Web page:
Candidates backed by Yale’s UNITE HERE unions swept to victory in Democratic Party primaries Tuesday for seats on the Board of Alders.
Voters went to the polls in eight of the city’s 30 wards.
Based on the returns from voting machines, UNITE HERE-backed candidates won seven of the races. The eighth, in West Hills/West Rock’s Ward 30, had no labor-backed or opposed candidate.
UNITE HERE’s victories included two races in which the union-backed candidate topped an incumbent: Beaver Hills’ Ward 28, where Jill Marks topped Claudette Robinson-Thorpe (pending any absentee ballot counts); and Bishop Woods/Quinnipiac Meadows’ Ward 12, where former Alder Gerald Antunes crushed incumbent Richard Spears with 81 percent of the vote.
UNITE HERE-backed incumbent Santiago Berrios-Bones held onto his seat under a challenge from Thomas Burwell in Fair Haven’s Ward 14, as did incumbents Sarah Eidelson (who didn’t formally seek a UNITE HERE endorsement but who works for the union) against Fortney “Fish” Stark in Yale’s Ward 1; Sal DeCola in Morris Cove’s Ward 18, against police officer Robert Proto; Delphine Clyburn in Newhallville’s Ward 20 against Teresa Hines; and Barbara Constantinople against Robert Lee in Fair Haven Heights’ Ward 11.
UNITE HERE Local 34 President Laurie Kennington called the victories an affirmation of the candidates’ issues agenda.
“We all see the need for access to good jobs,” she said. “Even candidates running against each other agree on that. After all this door-knocking, it’s a good time to come together and sit down with employers to figure this out.”
Most of the losing candidates Tuesday night have filed papers to run again as independents in the general election on Nov. 3. Spears said upon leaving the polls Tuesday night that the question of ward leadership will be decided then. Republicans are fielding four alder candidates in the general election.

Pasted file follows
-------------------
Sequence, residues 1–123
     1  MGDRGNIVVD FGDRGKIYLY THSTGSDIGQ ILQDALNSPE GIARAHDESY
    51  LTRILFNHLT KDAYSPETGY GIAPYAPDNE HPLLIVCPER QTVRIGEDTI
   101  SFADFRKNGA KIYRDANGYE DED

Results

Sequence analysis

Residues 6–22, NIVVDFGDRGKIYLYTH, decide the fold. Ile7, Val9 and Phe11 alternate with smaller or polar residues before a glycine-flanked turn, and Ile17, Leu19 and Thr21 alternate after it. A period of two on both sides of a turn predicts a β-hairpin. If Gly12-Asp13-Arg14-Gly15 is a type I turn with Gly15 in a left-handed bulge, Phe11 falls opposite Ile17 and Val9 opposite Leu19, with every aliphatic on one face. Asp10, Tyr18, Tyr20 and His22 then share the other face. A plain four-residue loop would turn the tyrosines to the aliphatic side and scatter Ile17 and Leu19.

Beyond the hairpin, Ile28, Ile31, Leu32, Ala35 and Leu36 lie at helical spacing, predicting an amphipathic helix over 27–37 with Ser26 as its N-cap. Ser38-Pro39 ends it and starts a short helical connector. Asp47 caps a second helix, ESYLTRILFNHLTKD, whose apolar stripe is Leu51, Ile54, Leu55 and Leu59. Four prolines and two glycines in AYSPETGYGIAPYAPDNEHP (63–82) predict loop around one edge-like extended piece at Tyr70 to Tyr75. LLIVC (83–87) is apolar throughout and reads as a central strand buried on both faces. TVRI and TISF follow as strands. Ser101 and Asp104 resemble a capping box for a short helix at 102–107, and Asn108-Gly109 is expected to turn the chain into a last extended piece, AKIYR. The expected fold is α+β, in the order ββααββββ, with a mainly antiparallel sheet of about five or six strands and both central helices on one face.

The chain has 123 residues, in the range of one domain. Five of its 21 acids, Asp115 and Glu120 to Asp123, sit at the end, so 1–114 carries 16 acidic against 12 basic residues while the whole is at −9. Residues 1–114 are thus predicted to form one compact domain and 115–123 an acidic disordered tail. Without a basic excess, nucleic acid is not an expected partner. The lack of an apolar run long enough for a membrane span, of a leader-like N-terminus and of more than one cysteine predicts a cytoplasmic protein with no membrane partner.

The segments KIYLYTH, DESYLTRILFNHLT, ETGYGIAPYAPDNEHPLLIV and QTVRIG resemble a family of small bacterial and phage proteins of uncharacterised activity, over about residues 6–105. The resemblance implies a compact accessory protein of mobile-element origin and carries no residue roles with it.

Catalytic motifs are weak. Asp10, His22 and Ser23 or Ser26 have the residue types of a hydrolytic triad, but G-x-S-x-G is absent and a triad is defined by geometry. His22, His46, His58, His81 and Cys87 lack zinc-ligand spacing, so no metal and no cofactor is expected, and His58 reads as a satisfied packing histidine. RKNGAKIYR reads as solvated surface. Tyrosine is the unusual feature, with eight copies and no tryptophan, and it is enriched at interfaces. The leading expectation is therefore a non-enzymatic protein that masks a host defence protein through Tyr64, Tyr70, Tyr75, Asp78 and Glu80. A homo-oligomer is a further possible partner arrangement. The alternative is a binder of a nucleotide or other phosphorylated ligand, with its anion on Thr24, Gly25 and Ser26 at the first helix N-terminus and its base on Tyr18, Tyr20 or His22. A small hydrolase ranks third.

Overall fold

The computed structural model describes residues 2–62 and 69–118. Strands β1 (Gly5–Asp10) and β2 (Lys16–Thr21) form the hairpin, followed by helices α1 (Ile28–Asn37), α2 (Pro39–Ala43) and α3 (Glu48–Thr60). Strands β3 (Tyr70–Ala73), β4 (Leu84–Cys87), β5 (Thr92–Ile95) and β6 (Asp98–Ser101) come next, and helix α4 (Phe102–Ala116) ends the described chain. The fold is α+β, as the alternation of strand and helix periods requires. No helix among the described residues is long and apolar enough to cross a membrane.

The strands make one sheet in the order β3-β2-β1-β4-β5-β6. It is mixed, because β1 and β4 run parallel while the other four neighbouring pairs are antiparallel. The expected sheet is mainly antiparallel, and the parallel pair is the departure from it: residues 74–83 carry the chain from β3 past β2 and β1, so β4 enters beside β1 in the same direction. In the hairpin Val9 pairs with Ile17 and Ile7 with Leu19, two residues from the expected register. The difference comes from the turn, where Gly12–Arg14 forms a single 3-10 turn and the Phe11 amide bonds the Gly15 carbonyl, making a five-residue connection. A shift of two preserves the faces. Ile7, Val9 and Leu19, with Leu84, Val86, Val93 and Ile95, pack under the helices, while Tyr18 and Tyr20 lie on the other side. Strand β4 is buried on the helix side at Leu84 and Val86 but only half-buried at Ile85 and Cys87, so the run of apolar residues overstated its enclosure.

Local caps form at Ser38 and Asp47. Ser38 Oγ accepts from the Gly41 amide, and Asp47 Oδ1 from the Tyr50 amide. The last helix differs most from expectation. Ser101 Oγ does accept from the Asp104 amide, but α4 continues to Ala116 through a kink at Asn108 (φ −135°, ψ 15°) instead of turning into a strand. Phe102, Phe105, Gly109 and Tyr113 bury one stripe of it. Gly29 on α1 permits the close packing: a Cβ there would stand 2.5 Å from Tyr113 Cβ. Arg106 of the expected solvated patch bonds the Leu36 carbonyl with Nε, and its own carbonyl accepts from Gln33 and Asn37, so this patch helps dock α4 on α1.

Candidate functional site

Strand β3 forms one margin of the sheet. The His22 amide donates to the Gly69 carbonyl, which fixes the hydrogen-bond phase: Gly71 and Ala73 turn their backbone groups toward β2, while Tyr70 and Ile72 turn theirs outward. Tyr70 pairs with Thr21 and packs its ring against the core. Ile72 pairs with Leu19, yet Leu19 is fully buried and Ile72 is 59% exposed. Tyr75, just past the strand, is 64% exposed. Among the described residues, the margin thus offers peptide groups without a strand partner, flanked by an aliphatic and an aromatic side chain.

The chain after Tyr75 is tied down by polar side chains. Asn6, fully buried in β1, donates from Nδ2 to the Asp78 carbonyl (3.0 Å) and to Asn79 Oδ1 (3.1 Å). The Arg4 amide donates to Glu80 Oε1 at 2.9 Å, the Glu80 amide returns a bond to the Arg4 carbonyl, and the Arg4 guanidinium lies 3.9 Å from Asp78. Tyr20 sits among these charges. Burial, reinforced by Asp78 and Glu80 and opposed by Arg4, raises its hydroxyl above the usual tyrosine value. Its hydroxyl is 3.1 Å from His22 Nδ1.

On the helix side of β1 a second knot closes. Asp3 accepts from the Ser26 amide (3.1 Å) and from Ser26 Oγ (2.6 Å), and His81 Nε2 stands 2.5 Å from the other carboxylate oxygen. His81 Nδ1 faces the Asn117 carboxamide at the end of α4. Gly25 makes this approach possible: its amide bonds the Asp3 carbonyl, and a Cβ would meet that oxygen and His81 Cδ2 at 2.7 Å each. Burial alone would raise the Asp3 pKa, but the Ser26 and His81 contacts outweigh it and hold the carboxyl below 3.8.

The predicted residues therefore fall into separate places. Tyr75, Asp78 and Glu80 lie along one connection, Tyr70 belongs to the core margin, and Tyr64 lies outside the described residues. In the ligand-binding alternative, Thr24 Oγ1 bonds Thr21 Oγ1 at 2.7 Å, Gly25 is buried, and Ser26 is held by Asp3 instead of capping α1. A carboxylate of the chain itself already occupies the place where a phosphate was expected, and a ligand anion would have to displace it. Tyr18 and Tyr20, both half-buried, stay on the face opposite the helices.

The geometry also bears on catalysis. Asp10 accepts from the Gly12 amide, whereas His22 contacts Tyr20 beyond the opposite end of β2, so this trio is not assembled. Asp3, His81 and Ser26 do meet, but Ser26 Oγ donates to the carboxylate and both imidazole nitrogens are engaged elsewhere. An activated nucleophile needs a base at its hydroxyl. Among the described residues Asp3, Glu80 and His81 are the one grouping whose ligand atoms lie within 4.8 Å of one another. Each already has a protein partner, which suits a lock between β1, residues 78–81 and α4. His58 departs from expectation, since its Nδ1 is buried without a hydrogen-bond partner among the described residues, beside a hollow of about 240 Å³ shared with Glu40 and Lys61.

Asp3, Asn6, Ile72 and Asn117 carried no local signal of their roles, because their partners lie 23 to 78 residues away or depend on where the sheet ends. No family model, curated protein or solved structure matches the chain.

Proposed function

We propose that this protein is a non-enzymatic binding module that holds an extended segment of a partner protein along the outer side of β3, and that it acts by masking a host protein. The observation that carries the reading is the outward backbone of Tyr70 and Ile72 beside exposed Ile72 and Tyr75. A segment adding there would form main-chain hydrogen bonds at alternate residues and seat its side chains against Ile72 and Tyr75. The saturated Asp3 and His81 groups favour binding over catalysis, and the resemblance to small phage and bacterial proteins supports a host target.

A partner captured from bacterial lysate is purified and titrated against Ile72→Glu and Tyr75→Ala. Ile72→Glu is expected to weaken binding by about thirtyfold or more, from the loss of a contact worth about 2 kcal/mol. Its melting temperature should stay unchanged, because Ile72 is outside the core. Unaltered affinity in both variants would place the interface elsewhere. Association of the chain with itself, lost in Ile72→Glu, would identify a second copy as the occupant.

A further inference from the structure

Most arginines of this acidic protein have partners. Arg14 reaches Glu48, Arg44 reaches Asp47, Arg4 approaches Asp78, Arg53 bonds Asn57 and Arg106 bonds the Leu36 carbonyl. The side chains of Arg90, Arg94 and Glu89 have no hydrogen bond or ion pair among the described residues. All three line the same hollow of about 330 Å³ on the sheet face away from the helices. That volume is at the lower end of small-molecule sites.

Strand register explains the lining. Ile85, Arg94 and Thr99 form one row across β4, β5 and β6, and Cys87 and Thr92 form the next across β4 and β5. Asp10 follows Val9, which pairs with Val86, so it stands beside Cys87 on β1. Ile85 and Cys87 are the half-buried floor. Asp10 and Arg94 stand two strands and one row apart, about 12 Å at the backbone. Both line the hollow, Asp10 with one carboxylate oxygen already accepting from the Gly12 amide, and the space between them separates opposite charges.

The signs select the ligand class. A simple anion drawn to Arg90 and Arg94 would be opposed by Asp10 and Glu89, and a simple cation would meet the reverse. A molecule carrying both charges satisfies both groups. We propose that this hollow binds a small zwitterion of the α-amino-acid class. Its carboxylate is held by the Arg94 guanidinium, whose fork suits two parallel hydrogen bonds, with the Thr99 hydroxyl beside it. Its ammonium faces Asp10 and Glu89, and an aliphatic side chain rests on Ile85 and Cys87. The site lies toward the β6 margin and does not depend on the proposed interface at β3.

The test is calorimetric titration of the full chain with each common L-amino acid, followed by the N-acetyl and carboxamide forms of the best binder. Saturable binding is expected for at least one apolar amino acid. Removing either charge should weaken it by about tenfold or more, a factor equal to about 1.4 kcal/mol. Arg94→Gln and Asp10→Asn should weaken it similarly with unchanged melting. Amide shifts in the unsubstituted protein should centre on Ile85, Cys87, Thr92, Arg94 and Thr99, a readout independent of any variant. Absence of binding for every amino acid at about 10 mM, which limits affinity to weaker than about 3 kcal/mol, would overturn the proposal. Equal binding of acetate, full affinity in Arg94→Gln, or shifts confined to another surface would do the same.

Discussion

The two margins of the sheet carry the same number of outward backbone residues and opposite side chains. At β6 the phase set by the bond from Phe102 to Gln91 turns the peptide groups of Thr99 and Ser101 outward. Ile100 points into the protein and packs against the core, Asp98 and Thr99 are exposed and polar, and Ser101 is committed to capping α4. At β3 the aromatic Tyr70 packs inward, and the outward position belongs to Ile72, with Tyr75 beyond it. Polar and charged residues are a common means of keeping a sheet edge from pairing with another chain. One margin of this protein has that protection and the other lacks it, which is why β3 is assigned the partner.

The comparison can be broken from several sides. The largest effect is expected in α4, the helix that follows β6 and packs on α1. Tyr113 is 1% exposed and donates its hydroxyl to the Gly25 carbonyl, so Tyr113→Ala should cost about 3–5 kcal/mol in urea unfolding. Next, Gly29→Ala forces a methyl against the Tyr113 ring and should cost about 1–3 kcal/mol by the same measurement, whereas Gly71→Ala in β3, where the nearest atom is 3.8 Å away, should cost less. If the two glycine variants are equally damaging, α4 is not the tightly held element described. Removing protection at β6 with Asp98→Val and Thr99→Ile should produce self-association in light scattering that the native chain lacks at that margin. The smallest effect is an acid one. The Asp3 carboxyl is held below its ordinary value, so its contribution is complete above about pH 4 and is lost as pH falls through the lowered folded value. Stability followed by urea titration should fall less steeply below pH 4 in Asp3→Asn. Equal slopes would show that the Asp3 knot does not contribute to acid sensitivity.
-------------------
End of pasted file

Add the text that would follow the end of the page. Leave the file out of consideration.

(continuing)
“The community has now spoken as to wanting representation,” Antunes said after the polls closed. “That’s all I told them that we need to get back to—representing the people of this ward.”
“We got the substation. We have the police working 24/7. We got the unions and the jobs. My agenda is to keep going,” Constaninople said after the vote results were read in the Heights.
Losing Candidates Blame Union “Machine”
Fair Haven’s Burwell blamed “the machine” for his loss: “That’s what happens when you go against the machine.”
In Newhallville, too, Hines said she wasn’t “totally shocked” about losing—“because the political machine was working for her and unfortunately that’s how people win.”
The campaign of her opponent, victor Clyburn, portrayed her opponent as the one being backed by forces outside the ward bent on silencing neighborhood voices—namely a top City Hall aide. (Read about that in this article.)
“I’m so grateful that again the people believed in me to be a voice for them. Poor, poor to the city, who tried to bring division, but we showed them tonight. We are still together. And we are still one,” Clyburn declared.